The American Journal of Drug and Alcohol Abuse 09/2011; 37(5):275-82. · 1.55 Impact Factor
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    ABSTRACT: The Diagnostic and Statistical Manual of Mental Disorders (DSM)-5 Personality and Personality Disorders Work Group proposed the elimination of diagnostic criterion sets in favor of a prototype matching system that defines personality disorders using narrative descriptions. Although some research supports this general approach, no empirical studies have yet examined the specific definitions proposed for DSM-5. Given the wide interest in borderline personality disorder (BPD), it is crucial to determine how this methodological shift might affect the content and conceptualization of the diagnosis. Eighty-two experts on BPD provided ratings of the DSM-IV-TR or DSM-5 version of BPD in terms of 37 traits proposed for DSM-5. Analyses revealed significant and meaningful differences among the two constructs, with the DSM-5 version evincing increased interpersonal dependency but a decreased emphasis on antagonism and disinhibition. A second study within a clinical sample demonstrated that both antagonism and disinhibition mediated the relationships between DSM-IV BPD and impairment, suggesting that the proposed changes might have important consequences for BPD's coverage, prevalence, and nomological network. More globally, our results illustrate that unanticipated shifts in diagnostic constructs can stem from seemingly minor revisions and suggest that research is needed to understand how these, or other changes, might affect our conceptualization, diagnosis, and treatment of BPD.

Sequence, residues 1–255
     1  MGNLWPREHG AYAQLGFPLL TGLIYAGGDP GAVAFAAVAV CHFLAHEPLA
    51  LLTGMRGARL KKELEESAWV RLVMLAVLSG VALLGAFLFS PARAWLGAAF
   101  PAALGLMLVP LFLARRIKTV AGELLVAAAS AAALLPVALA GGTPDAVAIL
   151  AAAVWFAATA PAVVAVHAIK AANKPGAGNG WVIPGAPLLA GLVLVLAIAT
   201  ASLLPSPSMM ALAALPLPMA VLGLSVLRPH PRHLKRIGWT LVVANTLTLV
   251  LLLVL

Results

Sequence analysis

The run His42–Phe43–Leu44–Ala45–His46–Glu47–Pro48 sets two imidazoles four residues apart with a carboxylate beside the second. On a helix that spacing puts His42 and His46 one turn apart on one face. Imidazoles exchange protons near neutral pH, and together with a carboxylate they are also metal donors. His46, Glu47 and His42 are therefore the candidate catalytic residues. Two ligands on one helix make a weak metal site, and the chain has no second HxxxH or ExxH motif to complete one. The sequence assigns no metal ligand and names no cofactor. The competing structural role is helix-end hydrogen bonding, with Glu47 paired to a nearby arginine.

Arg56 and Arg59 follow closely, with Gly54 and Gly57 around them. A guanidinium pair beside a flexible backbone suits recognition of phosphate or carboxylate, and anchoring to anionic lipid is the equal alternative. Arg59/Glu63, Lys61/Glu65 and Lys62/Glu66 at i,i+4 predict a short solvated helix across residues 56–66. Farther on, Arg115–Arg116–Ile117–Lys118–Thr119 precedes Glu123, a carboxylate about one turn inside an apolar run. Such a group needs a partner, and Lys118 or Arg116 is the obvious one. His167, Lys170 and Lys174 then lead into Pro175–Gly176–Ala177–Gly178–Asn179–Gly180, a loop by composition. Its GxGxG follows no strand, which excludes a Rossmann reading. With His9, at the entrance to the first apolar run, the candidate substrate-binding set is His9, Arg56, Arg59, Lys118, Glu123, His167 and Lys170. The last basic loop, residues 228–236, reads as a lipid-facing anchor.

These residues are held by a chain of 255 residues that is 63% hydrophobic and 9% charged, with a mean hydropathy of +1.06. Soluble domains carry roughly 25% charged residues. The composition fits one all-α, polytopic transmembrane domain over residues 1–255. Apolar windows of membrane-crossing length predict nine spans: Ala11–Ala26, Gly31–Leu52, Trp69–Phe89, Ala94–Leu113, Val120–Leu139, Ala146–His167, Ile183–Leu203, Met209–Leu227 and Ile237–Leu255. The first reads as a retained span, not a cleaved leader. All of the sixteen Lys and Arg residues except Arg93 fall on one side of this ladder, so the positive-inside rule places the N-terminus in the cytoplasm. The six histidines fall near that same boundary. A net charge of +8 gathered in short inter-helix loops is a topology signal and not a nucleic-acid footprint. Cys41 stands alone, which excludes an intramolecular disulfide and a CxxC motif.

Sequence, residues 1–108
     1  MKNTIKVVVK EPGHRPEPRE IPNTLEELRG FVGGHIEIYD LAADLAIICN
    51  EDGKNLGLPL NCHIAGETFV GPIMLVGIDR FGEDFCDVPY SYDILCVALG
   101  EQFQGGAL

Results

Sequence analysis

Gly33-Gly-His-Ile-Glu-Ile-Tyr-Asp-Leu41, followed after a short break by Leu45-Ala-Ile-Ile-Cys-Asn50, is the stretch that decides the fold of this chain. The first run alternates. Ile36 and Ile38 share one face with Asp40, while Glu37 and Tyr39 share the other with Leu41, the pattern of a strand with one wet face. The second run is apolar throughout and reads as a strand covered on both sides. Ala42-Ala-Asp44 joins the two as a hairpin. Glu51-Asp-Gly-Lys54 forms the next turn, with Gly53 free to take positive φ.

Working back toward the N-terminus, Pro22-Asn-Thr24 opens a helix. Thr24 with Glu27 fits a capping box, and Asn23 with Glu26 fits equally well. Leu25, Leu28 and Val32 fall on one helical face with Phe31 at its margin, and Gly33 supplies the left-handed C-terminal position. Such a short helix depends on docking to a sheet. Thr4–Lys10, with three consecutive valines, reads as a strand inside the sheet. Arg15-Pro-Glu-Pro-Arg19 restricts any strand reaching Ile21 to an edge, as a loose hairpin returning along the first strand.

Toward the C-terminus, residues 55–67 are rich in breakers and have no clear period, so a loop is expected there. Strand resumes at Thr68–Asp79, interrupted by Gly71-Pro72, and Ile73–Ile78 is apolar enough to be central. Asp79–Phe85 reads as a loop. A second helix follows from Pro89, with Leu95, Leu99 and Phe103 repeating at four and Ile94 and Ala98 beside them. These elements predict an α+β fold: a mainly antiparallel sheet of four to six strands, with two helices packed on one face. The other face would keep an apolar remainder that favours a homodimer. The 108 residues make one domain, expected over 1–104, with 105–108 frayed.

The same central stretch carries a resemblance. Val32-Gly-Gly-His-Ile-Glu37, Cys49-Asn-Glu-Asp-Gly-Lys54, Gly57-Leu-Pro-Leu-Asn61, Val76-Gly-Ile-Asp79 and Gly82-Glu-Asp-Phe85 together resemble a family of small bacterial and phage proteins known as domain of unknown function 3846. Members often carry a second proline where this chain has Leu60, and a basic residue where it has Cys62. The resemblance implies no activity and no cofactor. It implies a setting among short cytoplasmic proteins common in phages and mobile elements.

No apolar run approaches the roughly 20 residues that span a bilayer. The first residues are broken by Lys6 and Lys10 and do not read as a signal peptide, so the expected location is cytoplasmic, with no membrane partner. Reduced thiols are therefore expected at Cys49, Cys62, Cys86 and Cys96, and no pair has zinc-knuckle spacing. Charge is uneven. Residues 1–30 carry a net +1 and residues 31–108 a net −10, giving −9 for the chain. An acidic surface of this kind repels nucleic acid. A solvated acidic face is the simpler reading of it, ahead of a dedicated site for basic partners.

Journal of Abnormal Psychology 08/2011; 121(2):467-76. · 4.86 Impact Factor
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    ABSTRACT: We conducted a randomized comparison of dual-focus schema therapy with individual drug counseling as enhancements to the residential treatment of 105 substance-dependent patients with specific personality disorders versus those without. Both therapies were manual-guided and delivered for 6 months by experienced psychotherapists intensively trained and supervised with independent fidelity assessment. Using the Cox proportional hazards model, we found no psychotherapy differences in retention (days in treatment). Hierarchical linear modeling indicated that participants with personality disorders started with higher psychiatric, interpersonal, and dysphoria symptoms and that both therapies reduced symptoms in 6 months. Contrary to predictions, individual drug counseling resulted in more sustained reductions than did dual-focus schema therapy in several symptoms for several personality disorders. Our findings raised important questions about the added value of integrative or dual-focus therapies for co-occurring personality disorders and substance dependence relative to empirically supported therapies focused more specifically on addiction symptoms.